Homesick Texan (1)
NOLA Cuisine (1)
This recipe is a Chinese-American rendering of a Cantonese dish, employing a version of a sweet and sour sauce usually found on fish but just as delicious on pork.
Make this batter with a combination of water and beer (preferably Miller Lite), for wonderfully crisp and light results.
A condiment of dried fish, sesame seeds, seaweed, and spices, Furikake is a favorite seasoning in many Japanese dishes.
This dish is an adaptation of the "pan fried island pork chops" served at the Side Street Inn.
Some Lucknow cooks add tiny amounts of mitha ittr, a sweet perfume, and lazzat-e-taam, a local spice mix, to the kebabs; neither is available here but we still find this recipe delicious.
La Venta De Goyo restaurant serves this traditional dish year-round, using native trout when they're in season.
This is an adaptation—by Dirt Floor Cellars chief (and Cakebread Cellars chef) Richard Haake—of a traditional Neapolitan specialty. The dish's name literally means crazy water.
These tacos are named for the late, great Raphaela (Ralphie) Pazos, a longtime cook at San Antonio's Taco Haven.
The signature creation of San Antonio's Tex-Mex cuisine is the puffy taco.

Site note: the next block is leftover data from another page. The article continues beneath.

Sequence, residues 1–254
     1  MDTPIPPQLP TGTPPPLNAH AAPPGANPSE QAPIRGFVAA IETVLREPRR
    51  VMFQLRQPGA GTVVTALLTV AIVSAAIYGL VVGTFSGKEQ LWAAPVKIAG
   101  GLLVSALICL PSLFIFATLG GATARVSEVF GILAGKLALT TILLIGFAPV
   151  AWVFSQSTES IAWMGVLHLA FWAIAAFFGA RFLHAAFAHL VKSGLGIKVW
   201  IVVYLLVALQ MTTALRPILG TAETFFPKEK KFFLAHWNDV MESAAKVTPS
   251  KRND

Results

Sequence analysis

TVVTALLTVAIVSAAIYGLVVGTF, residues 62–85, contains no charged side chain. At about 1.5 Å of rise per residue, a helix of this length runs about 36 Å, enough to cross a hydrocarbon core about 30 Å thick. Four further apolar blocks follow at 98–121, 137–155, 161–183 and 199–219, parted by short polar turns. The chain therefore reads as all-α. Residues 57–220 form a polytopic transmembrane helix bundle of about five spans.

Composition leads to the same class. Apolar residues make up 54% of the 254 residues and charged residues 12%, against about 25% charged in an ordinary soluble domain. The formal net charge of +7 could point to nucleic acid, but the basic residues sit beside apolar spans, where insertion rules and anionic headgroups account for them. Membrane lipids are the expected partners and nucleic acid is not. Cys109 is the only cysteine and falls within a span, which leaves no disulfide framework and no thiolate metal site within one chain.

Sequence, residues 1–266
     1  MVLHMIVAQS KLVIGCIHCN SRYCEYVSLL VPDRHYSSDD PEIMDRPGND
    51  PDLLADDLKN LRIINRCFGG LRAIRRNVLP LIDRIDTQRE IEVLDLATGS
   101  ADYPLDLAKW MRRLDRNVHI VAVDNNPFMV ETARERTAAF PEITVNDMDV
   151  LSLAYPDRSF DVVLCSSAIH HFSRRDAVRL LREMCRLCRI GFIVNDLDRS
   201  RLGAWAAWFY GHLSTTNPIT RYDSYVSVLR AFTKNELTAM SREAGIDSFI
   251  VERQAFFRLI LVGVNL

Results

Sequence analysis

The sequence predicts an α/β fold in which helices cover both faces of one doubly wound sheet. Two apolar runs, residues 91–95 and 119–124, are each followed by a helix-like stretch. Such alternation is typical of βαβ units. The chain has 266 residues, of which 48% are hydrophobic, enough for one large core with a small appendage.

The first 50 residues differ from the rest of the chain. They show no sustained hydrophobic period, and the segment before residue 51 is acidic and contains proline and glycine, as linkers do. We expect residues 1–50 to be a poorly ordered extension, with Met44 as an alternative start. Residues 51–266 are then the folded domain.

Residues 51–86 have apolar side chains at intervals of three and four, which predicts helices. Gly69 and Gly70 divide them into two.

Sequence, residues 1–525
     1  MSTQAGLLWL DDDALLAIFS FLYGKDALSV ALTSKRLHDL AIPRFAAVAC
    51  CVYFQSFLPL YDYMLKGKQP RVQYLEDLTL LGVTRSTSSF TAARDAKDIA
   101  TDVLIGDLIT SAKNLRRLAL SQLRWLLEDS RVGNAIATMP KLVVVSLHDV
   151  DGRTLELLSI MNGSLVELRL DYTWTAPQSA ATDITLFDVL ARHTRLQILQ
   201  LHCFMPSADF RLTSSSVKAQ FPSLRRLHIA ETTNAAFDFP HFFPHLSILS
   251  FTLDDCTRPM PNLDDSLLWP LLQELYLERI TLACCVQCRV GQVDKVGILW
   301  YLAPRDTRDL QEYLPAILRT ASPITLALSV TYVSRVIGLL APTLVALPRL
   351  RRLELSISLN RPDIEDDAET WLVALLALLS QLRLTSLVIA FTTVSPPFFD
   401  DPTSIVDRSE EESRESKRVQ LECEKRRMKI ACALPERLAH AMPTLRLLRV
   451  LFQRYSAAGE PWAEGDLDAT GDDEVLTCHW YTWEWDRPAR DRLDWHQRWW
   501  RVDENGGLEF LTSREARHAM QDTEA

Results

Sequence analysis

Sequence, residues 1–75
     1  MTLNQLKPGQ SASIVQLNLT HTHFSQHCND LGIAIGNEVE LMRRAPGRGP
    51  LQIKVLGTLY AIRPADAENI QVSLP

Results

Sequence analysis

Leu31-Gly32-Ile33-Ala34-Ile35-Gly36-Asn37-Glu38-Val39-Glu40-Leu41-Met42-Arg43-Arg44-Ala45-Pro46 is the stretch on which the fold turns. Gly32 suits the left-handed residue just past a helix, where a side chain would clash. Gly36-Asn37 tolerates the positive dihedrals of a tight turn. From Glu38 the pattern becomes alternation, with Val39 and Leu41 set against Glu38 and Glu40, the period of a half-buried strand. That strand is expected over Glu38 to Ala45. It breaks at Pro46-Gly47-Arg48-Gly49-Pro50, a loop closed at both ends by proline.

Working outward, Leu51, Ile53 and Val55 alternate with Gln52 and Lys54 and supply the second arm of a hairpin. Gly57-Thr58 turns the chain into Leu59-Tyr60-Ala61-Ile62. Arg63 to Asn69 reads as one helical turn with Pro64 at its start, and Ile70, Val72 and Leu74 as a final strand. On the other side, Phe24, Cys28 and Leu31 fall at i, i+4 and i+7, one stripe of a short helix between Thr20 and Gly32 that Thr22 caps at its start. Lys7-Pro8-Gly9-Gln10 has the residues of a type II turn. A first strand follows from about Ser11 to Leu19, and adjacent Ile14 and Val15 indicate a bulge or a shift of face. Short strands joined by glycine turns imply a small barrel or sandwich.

The use of cornmeal and collards gives a Southern spin to these goujonnettes, French fried 'fingers" of sole.
This dish is served at the elite China Club in Beijing.
Suckling pig is a popular special-occasion dish in the Jauco region of Cuba.
Look for perilla leaves in Asian markets; if you can't find them, fresh mint makes a good substitute.
These impossibly good steak fingers—twice-dredged and deep-fried—hooked us at first crunch.
The secret to getting this dish just right is in cooking the fish at the proper temperature.
Fried clams like these are found in clam shacks all over Cape Ann, Massachusetts, where steamers are king.
Brining the bird first keeps it moist and tender on the inside; draining the chicken on a wire rack after cooking ensures intense crispiness.
These croquettes can also be filled with chicken or tuna.
For those who take their grits seriously, we suggest using the coarse-ground variety for this quintessentially Southern dish.
These dressed-up Mardi Gras crab cakes are a favorite in Mobile, Alabama.